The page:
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Adieu Montpelier

By Qdos Contractor

Qdos Contractor

Contractor tax avoidance scheme defeated

After two failed judicial review challenges and the Supreme Court's refusal to grant appeals against the Court of Appeal's judgements, and also failing to impress the European Court of Human Rights, the Montpelier tax avoidance scheme was finally defeated at the First Tier Tax Tribunal.

Over 2,000 people, the majority of which were IT contractors and property developers , used the scheme and who will now collectively owe the tax man up to £200 million.

Robert Huitson, who took the appeal to the Tribunal, was an electrical engineering consultant resident in the UK. In April 2001 he entered into a tax avoidance scheme marketed by a firm of tax consultants called Montpelier Tax Consultants (Isle of Man) Limited. The scheme involved setting up an Isle of Man trust of which Mr Huitson was the settlor and in which he had an interest in possession, or a right to income. The trust became a partner in an Isle of Man partnership which in turn entered into a contract with Mr Huitson to provide his services. Under his contract with the partnership Mr Huitson was entitled to an annual fee of £15,000. He was also entitled to a share of the partnership profits as a beneficiary under the trust.

If the Scheme operated as Montpelier intended, Mr Huitson would pay income tax and national insurance on his annual fee of £15,000. However he would pay no income tax or national insurance on sums paid to him as beneficiary of the trust. The scheme purported to exploit the terms of the UK - Isle of Man Double Taxation Arrangements.

Finance Act 2008 however introduced retrospective legislation which provided that a partner in the relevant circumstances would be liable to income tax despite the existence of double taxation arrangements.

Scheme arrangements

In June 2001, Mr Huitson paid £1,000 to an Isle of Man company called Crackington Ltd to establish the Robert Huitson Family Settlement (the Trust). Crackington was the trustee and Huitson, as a beneficiary, was entitled to income of the Trust during his lifetime.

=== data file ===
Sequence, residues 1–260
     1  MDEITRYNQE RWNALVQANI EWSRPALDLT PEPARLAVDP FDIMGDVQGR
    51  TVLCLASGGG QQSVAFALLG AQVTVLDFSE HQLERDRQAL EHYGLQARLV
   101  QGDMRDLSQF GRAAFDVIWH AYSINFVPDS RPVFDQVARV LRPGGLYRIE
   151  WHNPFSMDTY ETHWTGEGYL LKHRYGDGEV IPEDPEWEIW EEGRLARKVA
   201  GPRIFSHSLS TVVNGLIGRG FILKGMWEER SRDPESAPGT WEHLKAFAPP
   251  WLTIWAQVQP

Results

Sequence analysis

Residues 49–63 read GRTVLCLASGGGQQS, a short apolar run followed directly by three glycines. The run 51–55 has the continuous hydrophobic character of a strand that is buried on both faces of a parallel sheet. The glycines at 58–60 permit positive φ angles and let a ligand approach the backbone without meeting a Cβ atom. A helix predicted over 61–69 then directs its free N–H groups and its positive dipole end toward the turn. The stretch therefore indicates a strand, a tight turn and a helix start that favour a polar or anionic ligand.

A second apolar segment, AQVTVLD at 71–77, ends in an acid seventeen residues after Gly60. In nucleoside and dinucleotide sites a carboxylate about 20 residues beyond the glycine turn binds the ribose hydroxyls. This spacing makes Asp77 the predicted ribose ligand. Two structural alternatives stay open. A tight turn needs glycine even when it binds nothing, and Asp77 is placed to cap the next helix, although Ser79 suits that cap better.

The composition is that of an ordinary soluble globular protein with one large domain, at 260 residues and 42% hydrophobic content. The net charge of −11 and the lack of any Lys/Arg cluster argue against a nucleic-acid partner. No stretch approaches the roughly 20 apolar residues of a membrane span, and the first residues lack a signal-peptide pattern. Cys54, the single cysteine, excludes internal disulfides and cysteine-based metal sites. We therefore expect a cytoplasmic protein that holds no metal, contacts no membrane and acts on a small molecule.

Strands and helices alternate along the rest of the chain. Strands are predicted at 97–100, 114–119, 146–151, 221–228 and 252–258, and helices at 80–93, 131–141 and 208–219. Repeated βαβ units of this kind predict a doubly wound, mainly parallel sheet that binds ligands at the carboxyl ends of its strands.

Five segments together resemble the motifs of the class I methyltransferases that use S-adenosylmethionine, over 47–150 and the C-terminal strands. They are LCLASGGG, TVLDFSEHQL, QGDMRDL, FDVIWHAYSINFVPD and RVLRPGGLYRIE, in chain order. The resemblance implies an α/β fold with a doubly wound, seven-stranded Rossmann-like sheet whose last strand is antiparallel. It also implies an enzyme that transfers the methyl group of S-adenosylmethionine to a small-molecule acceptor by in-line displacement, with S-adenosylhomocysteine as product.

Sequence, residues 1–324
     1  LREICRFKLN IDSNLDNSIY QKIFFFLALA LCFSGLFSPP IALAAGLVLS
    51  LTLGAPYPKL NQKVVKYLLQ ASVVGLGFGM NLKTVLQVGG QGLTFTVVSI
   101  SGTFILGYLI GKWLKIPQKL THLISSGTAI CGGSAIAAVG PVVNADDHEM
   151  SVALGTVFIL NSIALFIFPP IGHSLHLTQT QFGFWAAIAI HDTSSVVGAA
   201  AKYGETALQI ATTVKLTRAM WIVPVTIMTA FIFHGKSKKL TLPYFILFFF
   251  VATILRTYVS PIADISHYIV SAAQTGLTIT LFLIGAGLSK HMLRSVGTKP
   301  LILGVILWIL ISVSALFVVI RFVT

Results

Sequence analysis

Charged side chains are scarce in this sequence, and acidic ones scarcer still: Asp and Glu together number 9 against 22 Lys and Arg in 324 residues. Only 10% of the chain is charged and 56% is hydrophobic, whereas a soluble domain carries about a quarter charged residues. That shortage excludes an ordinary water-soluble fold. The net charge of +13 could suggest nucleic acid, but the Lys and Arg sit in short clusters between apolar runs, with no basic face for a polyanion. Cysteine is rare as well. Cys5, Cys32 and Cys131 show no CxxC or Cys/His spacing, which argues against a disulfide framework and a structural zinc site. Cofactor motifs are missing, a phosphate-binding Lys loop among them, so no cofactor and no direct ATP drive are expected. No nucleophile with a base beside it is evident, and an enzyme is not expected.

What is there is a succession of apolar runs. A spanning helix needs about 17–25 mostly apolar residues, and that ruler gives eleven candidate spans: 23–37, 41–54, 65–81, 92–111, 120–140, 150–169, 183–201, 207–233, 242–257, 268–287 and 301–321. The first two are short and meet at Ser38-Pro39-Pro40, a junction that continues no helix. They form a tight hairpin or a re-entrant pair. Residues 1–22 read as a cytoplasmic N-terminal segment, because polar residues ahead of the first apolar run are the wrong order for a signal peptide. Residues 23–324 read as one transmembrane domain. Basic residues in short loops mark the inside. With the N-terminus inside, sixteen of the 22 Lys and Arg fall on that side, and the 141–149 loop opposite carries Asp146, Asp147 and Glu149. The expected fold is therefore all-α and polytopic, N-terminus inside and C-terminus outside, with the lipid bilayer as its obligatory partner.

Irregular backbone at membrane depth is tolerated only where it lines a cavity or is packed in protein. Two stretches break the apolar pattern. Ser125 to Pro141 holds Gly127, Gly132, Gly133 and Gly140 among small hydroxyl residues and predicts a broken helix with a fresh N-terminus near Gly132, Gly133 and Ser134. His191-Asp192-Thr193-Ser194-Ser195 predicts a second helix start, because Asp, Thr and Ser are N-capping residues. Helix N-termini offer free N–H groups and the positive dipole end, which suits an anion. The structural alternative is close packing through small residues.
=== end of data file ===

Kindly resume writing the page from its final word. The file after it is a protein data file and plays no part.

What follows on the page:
Crackington entered into partnership with four other Isle of Man companies in December 2001. Each one of those companies were also trustees of Isle of Man trusts set up by other participants of the avoidance scheme. The partnership was known as the “Allenby Partnership”, of which Montpelier was the “Managing Partner”.

In August 2001 the Allenby Partnership entered into a contract for services with Mr Huitson under which he agreed to provide electrical engineering consultancy services and advice, and to develop electrical engineering IT. Mr Huitson contracted to work at least 1,200 hours per year. Under that contract he received a fixed fee of £15,000 per annum.
The intended effect of the Scheme was that Huitson would be treated as being entitled to the partnership profits as if he were a partner in the Allenby Partnership. They were the commercial profits of an Isle of Man enterprise and as such were not subject to UK tax. At the same time, the Isle of Man would not tax Mr Huitson on income from the trust because he was not resident in the Isle of Man. In the words of judge Kenneth Parker, the Scheme would “appear to realise every taxpayer’s dream of lawfully avoiding, or at least greatly reducing, income tax in any jurisdiction”. In the case of Mr Huitson the effective rate of tax he would suffer on his income would be approximately 3.5%.

HMRC become aware of the Scheme by July 2002 and enquiries into Mr Huitson’s tax returns were opened together with enquiries into the returns of other clients of Montpelier who had used the Scheme.

The enquiry into the 2001-02 return commenced on 4 December 2003. On 16 May 2007 HMRC wrote to Mr Huitson and the other clients stating that they did not accept the claims to relief and that representative cases were being taken to the Special Commissioners. In February 2008 HMRC wrote to Montpelier stating that the Scheme was caught for tax.

Having lost his appeal at Tribunal, Mr Huitson now faces a a combined tax, NIC and interest bill of around £195,000 for the six years ended 5th April 2007.

Published October 2015